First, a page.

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Unformatted text preview: olynom); 258 • Chapter 7: Solving Calculus Problems p := 100 − 8 t + 22 13 14 1 t− t+ t− t5 5 75 3000 150000 You can now plot the response.
> plot(p, t=0..30);
100 80 60 40 20 0 –20 5 10 15 t 20 25 30 This particular example has the following analytic solution.
> dsolve( {eq(t), ini}, {theta(t)} ); θ(t) = 20 + 80 e(−1/10 t)
> q := rhs(%); q := 20 + 80 e(−1/10 t) Thus, you can compare the series solution with the actual solution.
> plot( [p, q], t=0..30 );
100 80 60 40 20 0 –20 5 10 15 t 20 25 30 Instead of ﬁnding the Taylor series by hand, you can use the series option of the dsolve command. 7.2 Ordinary Diﬀerential Equations > dsolve( {eq(t), ini}, {theta(t)}, ’series’ ); • 259 θ(t) = 100 − 8 t + 22 13 14 1 t− t+ t− t5 + O(t6 ) 5 75 3000 150000 When You Cannot Find a Closed Form Solution
In some instances, you cannot express the solution to a linear ODE in closed form. In such cases, dsolve may return solutions containing the data structure DESol. DESol is a place holder representing the solution of a diﬀerential equation without explicitly computing it. Thus, DESol is similar to RootOf, which represents the roots of an expression. This allows you to manipulate the resulting expression symbolically prior to attempting another approach.
> de := (x^7+x^33)*diff(y(x),x,x) + x^4*diff(y(x),x) > + (23*x17)*y(x); de := d2 d (x7 + x3 − 3) ( dx2 y(x)) + x4 ( dx y(x)) + (23 x − 17) y(x) The dsolve command cannot ﬁnd a closed form solution to de.
> dsolve( de, y(x) ); y(x) = DESol
d ( dx2 _Y(x)) +
2 d x4 ( dx _Y(x)) (23 x − 17) _Y(x) , + x7 + x3 − 3 x7 + x3 − 3 {_Y(x)} You can now try another method on the DESol itself. For example, ﬁnd a series approximation.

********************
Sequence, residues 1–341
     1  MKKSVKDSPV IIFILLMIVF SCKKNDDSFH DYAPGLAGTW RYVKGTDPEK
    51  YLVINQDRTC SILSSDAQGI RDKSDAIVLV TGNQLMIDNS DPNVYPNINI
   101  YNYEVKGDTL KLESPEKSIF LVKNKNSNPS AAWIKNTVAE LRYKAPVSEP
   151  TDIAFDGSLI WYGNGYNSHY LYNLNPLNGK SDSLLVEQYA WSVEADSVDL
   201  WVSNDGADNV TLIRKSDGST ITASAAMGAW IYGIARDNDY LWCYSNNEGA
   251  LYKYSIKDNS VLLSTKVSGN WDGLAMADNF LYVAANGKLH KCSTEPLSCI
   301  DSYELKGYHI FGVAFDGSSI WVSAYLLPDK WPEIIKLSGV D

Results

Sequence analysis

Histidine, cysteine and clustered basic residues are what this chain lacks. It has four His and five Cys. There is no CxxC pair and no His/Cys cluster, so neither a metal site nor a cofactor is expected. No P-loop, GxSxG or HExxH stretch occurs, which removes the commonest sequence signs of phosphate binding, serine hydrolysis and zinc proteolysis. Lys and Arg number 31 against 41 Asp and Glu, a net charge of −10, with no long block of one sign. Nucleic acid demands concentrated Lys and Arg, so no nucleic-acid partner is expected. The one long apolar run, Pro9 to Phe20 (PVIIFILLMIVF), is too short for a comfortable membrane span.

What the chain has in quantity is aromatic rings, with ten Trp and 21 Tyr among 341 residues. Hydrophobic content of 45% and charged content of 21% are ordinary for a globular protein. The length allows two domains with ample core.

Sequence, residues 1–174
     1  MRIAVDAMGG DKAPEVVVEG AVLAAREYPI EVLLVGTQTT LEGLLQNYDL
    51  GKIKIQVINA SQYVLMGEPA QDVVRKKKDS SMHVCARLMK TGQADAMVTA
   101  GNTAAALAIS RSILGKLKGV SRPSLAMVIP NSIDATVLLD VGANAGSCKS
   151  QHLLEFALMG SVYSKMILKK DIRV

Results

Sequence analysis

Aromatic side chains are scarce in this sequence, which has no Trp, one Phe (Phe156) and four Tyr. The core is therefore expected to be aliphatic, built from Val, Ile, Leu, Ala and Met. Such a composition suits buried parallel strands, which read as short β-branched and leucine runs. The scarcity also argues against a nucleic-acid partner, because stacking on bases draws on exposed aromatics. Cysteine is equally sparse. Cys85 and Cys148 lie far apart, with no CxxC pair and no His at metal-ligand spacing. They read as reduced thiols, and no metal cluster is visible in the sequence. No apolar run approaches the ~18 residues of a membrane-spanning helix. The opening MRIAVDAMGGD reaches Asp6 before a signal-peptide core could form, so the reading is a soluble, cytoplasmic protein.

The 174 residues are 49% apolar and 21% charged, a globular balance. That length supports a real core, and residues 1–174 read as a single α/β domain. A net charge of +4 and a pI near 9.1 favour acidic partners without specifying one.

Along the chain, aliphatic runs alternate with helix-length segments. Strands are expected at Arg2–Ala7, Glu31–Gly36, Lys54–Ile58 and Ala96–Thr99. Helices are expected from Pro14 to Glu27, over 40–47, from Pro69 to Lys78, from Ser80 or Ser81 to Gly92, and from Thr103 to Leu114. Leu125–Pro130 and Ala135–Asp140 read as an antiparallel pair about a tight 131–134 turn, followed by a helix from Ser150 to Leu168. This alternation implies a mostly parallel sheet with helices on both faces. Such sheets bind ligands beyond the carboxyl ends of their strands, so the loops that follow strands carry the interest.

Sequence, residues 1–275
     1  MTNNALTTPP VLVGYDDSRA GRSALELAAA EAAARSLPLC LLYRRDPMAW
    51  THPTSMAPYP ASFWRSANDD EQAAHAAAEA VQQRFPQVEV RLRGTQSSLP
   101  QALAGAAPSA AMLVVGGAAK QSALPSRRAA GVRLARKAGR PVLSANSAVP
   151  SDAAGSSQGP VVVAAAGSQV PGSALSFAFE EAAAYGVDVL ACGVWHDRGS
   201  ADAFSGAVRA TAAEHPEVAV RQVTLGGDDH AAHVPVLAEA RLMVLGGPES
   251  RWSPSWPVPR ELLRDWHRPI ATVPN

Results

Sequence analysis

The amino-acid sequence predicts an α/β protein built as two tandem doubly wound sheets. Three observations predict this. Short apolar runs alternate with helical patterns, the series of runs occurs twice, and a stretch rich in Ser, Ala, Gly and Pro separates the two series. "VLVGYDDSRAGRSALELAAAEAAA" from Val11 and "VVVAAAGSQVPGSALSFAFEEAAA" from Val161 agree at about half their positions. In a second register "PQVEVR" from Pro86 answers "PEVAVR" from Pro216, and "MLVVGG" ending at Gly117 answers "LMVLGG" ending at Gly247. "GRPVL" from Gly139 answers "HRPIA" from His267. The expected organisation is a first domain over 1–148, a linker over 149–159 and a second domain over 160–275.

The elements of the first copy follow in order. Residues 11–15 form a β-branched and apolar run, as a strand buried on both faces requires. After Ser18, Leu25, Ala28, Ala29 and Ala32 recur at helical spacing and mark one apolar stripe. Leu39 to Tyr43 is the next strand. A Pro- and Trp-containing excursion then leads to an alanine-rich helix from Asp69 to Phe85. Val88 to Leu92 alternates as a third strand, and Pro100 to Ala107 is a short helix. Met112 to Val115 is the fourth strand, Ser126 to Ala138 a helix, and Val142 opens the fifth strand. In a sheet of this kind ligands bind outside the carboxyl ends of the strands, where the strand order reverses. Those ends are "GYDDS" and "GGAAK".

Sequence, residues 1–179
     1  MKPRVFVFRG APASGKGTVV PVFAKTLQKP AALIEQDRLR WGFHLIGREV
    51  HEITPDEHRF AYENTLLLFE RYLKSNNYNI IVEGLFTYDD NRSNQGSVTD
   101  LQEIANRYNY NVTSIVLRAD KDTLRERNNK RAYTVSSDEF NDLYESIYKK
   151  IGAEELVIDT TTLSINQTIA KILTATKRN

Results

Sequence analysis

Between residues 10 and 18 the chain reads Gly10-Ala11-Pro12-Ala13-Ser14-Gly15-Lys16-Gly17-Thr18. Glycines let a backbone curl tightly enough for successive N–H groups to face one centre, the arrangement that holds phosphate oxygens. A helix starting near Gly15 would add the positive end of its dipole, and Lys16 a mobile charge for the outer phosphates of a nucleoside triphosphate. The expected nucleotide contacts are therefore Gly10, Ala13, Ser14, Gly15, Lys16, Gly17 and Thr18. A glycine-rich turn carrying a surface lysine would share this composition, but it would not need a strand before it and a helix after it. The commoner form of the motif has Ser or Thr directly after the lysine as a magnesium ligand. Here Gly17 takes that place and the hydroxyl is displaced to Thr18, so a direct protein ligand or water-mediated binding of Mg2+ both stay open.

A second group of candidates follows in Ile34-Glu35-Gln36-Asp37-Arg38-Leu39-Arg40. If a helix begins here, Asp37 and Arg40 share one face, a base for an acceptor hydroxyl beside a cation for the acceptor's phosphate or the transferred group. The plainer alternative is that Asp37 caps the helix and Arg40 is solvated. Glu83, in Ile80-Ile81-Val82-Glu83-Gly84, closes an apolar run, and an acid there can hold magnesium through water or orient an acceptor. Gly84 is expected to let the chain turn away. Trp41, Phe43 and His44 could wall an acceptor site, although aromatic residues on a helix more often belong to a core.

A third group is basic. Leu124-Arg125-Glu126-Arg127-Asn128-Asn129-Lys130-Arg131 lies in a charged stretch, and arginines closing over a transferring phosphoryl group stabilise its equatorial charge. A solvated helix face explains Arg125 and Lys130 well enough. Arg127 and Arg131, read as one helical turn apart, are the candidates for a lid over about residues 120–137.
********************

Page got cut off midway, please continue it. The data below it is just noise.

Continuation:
> series(rhs(%), x); 260 • Chapter 7: Solving Calculus Problems _Y(0) + D(_Y )(0) x − (− 17 _Y(0) x2 + 6 23 17 D(_Y )(0) + _Y(0)) x3 + 18 18 289 23 ( _Y(0) + D(_Y )(0)) x4 + 216 36 289 833 ( D(_Y )(0) − _Y(0)) x5 + O(x6 ) 1080 540 The diff and int commands can also operate on DESol. Plotting Ordinary Diﬀerential Equations
You cannot solve many diﬀerential equations analytically. In such cases, plotting the diﬀerential equation is advantageous.
> ode1 := > diff(y(t), t$2) + sin(t)^2*diff(y(t),t) + y(t) = cos(t)^2; ode1 := ( d2 d y(t)) + sin(t)2 ( y(t)) + y(t) = cos(t)2 dt2 dt > ic1 := y(0) = 1, D(y)(0) = 0; ic1 := y(0) = 1, D(y )(0) = 0 First, attempt to solve this ODE analytically by using dsolve.
> dsolve({ode1, ic1}, {y(t)} ); The dsolve command returned nothing, indicating that it could not ﬁnd a solution. Try Laplace methods.
> dsolve( {ode1, ic1}, {y(t)}, method=laplace ); Again, dsolve did not ﬁnd a solution. Since dsolve was not successful, try the DEplot command found in the DEtools package.
> with(DEtools): DEplot is a general ODE plotter which you can use with the following syntax. 7.2 Ordinary Diﬀerential Equations • 261 DEplot( ode, depvar, range, [iniconds ] ) • ode is the diﬀerential equation to plot • depvar...
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This note was uploaded on 08/27/2012 for the course MATH 1100 taught by Professor Nil during the Spring '12 term at National University of Singapore.
 Spring '12
 NIL
 Math, Division

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